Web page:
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This article is written for those who want to get better at using price to earnings ratios (P/E ratios). To keep it practical, we’ll show how Lonza Group Ltd’s (VTX:LONN) P/E ratio could help you assess the value on offer. Lonza Group has a P/E ratio of 32.5, based on the last twelve months. That is equivalent to an earnings yield of about 3.1%.
How Do I Calculate Lonza Group’s Price To Earnings Ratio?
The formula for price to earnings is:
Price to Earnings Ratio = Price per Share ÷ Earnings per Share (EPS)
Or for Lonza Group:
P/E of 32.5 = CHF286.1 ÷ CHF8.8 (Based on the year to December 2018.)
Is A High Price-to-Earnings Ratio Good?
A higher P/E ratio implies that investors pay a higher price for the earning power of the business. That isn’t a good or a bad thing on its own, but a high P/E means that buyers have a higher opinion of the business’s prospects, relative to stocks with a lower P/E.
How Growth Rates Impact P/E Ratios
Probably the most important factor in determining what P/E a company trades on is the earnings growth. When earnings grow, the ‘E’ increases, over time. That means unless the share price increases, the P/E will reduce in a few years. Then, a lower P/E should attract more buyers, pushing the share price up.
Lonza Group shrunk earnings per share by 18% over the last year. But over the longer term (5 years) earnings per share have increased by 27%.
How Does Lonza Group’s P/E Ratio Compare To Its Peers?
We can get an indication of market expectations by looking at the P/E ratio. If you look at the image below, you can see Lonza Group has a lower P/E than the average (39.8) in the life sciences industry classification.
Its relatively low P/E ratio indicates that Lonza Group shareholders think it will struggle to do as well as other companies in its industry classification. Since the market seems unimpressed with Lonza Group, it’s quite possible it could surprise on the upside. It is arguably worth checking if insiders are buying shares, because that might imply they believe the stock is undervalued.
Don’t Forget: The P/E Does Not Account For Debt or Bank Deposits
The ‘Price’ in P/E reflects the market capitalization of the company. In other words, it does not consider any debt or cash that the company may have on the balance sheet. Hypothetically, a company could reduce its future P/E ratio by spending its cash (or taking on debt) to achieve higher earnings.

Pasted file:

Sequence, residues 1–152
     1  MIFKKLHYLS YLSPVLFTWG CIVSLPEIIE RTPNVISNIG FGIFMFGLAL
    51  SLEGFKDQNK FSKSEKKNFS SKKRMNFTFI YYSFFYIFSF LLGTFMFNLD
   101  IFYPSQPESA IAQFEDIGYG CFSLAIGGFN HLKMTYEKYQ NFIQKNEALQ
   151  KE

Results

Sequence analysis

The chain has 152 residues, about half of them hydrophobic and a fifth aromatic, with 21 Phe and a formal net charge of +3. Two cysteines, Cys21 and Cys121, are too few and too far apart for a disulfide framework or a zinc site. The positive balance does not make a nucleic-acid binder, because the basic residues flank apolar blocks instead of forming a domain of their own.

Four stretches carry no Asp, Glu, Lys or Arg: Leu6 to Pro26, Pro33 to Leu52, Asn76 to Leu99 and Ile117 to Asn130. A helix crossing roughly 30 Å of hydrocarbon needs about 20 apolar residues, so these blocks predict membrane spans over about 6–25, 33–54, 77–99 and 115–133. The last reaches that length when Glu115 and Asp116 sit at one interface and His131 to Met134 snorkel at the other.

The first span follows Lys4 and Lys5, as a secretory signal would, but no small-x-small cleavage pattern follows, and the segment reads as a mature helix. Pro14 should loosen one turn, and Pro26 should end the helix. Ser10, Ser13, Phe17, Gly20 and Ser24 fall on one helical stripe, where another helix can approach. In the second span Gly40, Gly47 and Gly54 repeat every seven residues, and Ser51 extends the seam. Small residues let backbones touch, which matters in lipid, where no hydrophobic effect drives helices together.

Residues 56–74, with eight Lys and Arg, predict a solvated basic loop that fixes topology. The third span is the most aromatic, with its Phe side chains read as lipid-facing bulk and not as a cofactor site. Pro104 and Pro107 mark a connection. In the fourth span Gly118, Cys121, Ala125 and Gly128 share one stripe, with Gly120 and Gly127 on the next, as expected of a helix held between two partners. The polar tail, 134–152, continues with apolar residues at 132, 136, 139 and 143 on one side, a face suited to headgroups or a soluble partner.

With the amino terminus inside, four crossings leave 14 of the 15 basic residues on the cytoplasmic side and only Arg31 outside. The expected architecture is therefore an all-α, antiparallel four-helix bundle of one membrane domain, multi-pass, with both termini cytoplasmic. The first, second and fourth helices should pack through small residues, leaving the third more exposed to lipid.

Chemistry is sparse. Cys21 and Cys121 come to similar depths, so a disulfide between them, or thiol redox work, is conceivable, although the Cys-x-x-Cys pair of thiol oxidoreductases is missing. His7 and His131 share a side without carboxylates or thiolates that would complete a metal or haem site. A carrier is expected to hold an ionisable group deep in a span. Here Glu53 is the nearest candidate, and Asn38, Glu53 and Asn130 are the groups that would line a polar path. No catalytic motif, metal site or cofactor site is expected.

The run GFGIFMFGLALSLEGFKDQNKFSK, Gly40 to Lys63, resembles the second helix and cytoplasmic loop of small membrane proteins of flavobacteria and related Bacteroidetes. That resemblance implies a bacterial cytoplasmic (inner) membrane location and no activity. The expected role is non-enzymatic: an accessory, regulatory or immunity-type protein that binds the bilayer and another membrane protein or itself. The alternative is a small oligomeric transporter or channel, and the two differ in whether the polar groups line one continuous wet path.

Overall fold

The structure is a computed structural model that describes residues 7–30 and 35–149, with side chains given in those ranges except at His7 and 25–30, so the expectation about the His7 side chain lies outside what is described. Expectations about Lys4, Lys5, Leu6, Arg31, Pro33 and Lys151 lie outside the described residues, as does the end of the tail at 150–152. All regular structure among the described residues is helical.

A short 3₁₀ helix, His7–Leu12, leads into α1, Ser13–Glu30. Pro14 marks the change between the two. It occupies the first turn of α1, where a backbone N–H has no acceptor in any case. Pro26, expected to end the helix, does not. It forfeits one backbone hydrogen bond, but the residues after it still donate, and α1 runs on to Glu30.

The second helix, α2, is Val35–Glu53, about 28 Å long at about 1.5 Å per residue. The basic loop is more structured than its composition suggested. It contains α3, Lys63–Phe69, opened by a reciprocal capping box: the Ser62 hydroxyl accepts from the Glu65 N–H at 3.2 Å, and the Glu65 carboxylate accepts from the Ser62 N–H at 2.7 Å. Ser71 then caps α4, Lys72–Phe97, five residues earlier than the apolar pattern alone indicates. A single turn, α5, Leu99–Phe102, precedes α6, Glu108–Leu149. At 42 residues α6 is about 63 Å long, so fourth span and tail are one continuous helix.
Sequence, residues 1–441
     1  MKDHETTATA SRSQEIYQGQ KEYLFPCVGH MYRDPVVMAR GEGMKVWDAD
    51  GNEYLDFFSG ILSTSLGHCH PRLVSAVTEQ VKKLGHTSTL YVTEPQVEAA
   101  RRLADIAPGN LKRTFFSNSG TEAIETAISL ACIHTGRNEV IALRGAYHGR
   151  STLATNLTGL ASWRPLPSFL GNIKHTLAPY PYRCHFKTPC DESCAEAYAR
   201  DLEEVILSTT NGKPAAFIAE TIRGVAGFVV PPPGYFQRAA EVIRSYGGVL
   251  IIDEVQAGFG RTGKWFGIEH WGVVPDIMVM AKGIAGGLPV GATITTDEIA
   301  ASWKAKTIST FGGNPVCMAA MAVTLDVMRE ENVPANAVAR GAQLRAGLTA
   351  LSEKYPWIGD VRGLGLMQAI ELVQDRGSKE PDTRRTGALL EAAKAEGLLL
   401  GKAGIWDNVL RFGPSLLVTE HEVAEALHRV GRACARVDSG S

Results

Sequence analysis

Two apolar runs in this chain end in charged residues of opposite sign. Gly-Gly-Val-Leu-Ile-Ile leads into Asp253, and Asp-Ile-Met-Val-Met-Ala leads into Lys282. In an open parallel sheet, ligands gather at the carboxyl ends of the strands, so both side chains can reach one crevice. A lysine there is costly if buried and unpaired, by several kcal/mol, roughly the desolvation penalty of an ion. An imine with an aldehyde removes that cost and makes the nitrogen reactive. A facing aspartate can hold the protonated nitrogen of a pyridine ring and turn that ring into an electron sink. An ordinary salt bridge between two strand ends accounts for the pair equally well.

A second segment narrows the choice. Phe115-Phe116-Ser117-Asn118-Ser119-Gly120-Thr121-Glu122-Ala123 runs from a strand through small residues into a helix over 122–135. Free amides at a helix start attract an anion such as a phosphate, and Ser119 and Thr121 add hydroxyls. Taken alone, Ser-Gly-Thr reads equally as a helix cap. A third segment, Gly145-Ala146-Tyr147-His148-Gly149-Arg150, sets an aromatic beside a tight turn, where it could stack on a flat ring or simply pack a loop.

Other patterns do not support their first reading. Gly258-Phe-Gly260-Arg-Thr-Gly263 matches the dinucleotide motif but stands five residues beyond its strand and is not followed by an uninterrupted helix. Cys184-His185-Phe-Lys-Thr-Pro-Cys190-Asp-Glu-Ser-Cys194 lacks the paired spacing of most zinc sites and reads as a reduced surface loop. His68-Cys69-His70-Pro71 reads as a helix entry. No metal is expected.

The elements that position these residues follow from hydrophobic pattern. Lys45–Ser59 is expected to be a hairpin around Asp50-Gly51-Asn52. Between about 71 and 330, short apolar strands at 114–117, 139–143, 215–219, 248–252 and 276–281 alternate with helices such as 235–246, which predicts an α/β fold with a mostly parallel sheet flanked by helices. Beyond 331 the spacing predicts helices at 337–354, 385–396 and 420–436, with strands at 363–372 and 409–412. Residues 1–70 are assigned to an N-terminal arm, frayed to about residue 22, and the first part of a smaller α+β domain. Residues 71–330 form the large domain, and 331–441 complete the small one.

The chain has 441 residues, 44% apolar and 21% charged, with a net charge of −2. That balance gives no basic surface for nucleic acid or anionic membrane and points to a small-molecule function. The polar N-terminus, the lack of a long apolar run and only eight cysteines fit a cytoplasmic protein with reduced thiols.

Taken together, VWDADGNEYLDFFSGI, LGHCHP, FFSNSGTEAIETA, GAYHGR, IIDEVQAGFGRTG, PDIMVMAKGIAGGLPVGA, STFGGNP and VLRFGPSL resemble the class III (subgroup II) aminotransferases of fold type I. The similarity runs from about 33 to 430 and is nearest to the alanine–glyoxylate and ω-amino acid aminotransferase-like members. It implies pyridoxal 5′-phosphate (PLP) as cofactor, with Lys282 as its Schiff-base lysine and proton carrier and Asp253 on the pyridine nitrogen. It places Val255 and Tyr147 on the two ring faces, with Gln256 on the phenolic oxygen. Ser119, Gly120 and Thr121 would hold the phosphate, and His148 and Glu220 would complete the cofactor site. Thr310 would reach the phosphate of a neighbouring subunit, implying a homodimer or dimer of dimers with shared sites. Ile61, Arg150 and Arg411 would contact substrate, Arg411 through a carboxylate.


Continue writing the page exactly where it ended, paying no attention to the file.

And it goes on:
Such expenditure might be good or bad, in the long term, but the point here is that the balance sheet is not reflected by this ratio.
Lonza Group’s Balance Sheet
Lonza Group’s net debt is 17% of its market cap. This could bring some additional risk, and reduce the number of investment options for management; worth remembering if you compare its P/E to businesses without debt.
The Verdict On Lonza Group’s P/E Ratio
Lonza Group trades on a P/E ratio of 32.5, which is above the CH market average of 18.1. With some debt but no EPS growth last year, the market has high expectations of future profits.
Investors have an opportunity when market expectations about a stock are wrong. As value investor Benjamin Graham famously said, ‘In the short run, the market is a voting machine but in the long run, it is a weighing machine.’ So this free visualization of the analyst consensus on future earnings could help you make the right decision about whether to buy, sell, or hold.
Of course you might be able to find a better stock than Lonza Group. So you may wish to see this free collection of other companies that have grown earnings strongly.
We aim to bring you long-term focused research analysis driven by fundamental data. Note that our analysis may not factor in the latest price-sensitive company announcements or qualitative material.
If you spot an error that warrants correction, please contact the editor at email@example.com. This article by Simply Wall St is general in nature. It does not constitute a recommendation to buy or sell any stock, and does not take account of your objectives, or your financial situation. Simply Wall St has no position in the stocks mentioned. Thank you for reading.